Grant giving

Jewish women’s groups announce $700,500 in grants for coming year

Hadassah Foundation focuses on advocacy, education and legislation to promote women in leadership positions; Women of Reform Judaism gives to 22 groups from its Youth, Education, & Special Projects (YES) Fund

Two Jewish women’s grant-making organizations – the Hadassah Foundation and the Women of Reform Judaism – recently announced their slates of grantees for the coming year, totaling $700,500 in funding, including grants to some first-time recipients.

On Wednesday, Hadassah Foundation released its list of “core” $80,000 grants to five organizations that it said addressed its key focus for this year: “Biases in hiring and advancement and increasing the number and influence of women and girls in leadership.”

Three of the five Hadassah Foundation grantees are first-time recipients: Israel’s Forum Dvorah, which works to promote women in the fields of national security and foreign policy; the U.S.-based Gender Equity in Hiring Project, which looks to help women obtain leadership positions in Jewish communal organizations; and the Israeli QueenB, which looks to increase the number of women working in Israel’s high-tech industry. The other two recipients, Israel Women’s Network and Itach Ma’aki Women Lawyers for Social Justice, have both been previously funded by Hadassah Foundation.

Speaking to eJewishPhilanthropy, Hadassah Foundation Chair Audrey Weiner said the five recipients reflected the organization’s new strategic plan, which was released earlier this year, that focuses the organization’s grants on advocacy, education and legislation, not on direct service providers – “even though we are very impressed by the direct service that is being done in Israel and the U.S.” 

Weiner said the recipients of its “core” grants receive the $80,000 over the course of three years. In addition to these “core” grants, the foundation offers a $130,000 “visionary partners” grant and two smaller grants, a new “spark” grant – $20,000 in unrestricted funds – for startup organizations and a discretionary grant of up to $5,000 that can be issued by the foundation’s staff directly for time-sensitive issues. The foundation said that three new “spark” grants would be announced later this summer.

Weiner said that while the foundation’s grants are not particularly large in terms of dollar amounts, the organization believes that its vetting process gives its grantees “the Good Housekeeping seal of approval, if you’ll forgive the old expression.” Stephanie Blumenkranz, the director of the foundation, added that a number of federation-affiliated women’s giving funds around the U.S. specifically look to Hadassah Foundation for guidance in who they should support, specifically naming the San Francisco Jewish Women’s Fund.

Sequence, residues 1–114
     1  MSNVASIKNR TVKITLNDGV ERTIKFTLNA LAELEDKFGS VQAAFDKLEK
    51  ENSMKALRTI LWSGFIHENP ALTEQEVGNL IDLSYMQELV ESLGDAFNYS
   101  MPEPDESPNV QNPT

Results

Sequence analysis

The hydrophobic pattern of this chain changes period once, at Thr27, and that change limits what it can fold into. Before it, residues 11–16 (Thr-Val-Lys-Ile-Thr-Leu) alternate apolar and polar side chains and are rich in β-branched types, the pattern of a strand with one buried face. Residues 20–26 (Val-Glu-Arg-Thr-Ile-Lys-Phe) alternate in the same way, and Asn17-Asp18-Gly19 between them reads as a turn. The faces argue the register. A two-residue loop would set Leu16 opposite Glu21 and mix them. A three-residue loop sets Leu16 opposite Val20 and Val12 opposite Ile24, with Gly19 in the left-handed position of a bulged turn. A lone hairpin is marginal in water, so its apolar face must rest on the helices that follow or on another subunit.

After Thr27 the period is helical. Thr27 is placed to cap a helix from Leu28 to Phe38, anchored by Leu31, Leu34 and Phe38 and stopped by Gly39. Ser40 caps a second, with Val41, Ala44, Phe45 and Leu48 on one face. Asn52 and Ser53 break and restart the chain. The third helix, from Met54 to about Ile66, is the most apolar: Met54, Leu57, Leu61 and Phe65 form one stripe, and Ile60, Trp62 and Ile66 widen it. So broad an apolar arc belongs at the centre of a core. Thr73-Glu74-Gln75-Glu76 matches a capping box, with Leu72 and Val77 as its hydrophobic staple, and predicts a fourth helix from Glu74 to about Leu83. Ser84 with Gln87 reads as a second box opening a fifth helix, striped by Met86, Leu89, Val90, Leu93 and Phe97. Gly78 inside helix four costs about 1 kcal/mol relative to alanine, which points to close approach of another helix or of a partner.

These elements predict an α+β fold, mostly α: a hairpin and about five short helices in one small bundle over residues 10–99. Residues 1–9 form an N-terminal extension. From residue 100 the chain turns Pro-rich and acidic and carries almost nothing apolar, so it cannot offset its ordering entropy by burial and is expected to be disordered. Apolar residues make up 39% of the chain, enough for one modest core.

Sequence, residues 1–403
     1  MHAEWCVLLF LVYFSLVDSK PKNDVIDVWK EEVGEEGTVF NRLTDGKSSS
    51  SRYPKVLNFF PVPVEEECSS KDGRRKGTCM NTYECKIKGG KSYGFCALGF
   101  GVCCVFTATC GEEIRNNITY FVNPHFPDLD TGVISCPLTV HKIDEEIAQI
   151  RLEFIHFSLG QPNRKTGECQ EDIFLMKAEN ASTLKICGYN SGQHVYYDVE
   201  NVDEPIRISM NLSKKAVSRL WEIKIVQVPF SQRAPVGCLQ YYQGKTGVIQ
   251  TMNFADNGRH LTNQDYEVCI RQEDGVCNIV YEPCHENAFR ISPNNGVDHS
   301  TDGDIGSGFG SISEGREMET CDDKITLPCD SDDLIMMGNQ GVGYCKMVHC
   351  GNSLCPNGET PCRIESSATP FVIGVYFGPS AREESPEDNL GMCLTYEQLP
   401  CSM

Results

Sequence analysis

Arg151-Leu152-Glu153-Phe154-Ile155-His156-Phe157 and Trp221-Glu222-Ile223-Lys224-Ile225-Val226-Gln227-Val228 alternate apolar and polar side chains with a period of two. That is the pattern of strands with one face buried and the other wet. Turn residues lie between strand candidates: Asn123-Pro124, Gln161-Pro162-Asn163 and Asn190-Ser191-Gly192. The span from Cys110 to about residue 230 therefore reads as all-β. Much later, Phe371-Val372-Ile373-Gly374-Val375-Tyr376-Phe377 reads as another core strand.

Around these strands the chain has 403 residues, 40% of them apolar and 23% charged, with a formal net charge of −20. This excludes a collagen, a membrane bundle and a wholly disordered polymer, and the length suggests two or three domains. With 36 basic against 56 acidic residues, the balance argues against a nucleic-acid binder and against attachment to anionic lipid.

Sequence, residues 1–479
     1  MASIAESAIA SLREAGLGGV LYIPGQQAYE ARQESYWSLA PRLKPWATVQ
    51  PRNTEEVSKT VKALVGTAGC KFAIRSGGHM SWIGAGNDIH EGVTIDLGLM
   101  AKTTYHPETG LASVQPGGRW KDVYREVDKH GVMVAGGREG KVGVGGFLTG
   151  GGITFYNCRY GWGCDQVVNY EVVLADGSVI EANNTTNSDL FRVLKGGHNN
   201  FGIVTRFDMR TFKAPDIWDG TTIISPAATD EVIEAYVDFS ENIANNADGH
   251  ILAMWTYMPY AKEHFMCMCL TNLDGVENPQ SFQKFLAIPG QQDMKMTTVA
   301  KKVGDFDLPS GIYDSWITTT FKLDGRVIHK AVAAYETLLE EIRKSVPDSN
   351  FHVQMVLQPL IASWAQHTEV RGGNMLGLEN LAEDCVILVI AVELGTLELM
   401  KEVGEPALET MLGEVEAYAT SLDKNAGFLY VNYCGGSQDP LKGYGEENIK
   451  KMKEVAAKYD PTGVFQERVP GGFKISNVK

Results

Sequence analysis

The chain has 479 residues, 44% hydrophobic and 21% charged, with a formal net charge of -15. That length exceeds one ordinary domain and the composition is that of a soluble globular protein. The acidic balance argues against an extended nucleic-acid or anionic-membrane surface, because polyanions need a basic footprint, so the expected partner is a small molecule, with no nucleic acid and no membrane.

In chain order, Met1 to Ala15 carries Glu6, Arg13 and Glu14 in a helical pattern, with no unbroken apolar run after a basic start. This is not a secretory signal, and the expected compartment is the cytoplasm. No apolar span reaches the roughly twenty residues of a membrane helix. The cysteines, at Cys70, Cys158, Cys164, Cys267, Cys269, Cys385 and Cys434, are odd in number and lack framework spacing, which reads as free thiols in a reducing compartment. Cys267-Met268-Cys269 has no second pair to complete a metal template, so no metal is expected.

Weiner said the committee selecting the recipients for this year’s “core” grants had an “enormous, passionate discussion” about including initiatives that address women’s reproductive health in the wake of the U.S. Supreme Court’s overturning of Roe v. Wade and decided that it would ultimately refrain from doing so.

“Our committee was working on the themes [for this year’s grants] as Roe was overturned,” she said. “The place we came to was that the impact that we could have through these ‘core’ grants, even if we went into the space of reproductive rights, was not going to be as significant, and there were many, many organizations and lots and lots of money – even if it wasn’t enough – that was going into that space.”

The Women of Reform Judaism directed $300,500 in grants this year through its Youth, Education, & Special Projects (YES) Fund, it said. In total, WRJ provided grants of different sizes to 22 organizations or initiatives, from $2,500 for “ish Queer Torah study,” a nine-month fellowship for queer-identifying Jewish adults, up to $60,500 – roughly a fifth of this year’s funding – for rabbinical scholarships at Hebrew Union College – Jewish Institute of Religion’s three U.S. campuses. 

A $36,000 grant was directed to fund the Eisendrath Legislative Assistant Fellowship at the Religious Action Center of Reform Judaism in Washington, D.C., which WRJ said is “designed for a recent college graduate who will focus on the intersection of Judaism, social justice, policy, and women’s rights issues.” A $20,000 grant will go toward a program encouraging women to serve as prayer leaders in Reform and other progressive congregations. An $18,500 grant will go to a scholarship to encourage Spanish- and Portuguese-speaking women to pursue rabbinical careers.

WRJ’s other grants went to programs addressing a variety of issues, some specifically and directly related to women, like a $15,000 grant to the Women’s Rabbinic Network Paid Family and Medical Leave Project, and others that are not, like a $10,000 grant to Be’chol Lashon Video Production to create films about the Ethiopian Jewish Sigd holiday. (The full list can be found here.)

“Over the course of 110 years, WRJ has raised hundreds of millions of dollars to fund Reform Jewish institutions, organizations, and programs that support youth, education, advocacy, and special initiatives. Along with the recent expansion of grants to fund diversity, equity, and inclusion initiatives, WRJ strengthens the broad and diverse Jewish community of today and empowers the leaders of tomorrow,” WRJ Executive Director Rabbi Marla J. Feldman said in a statement.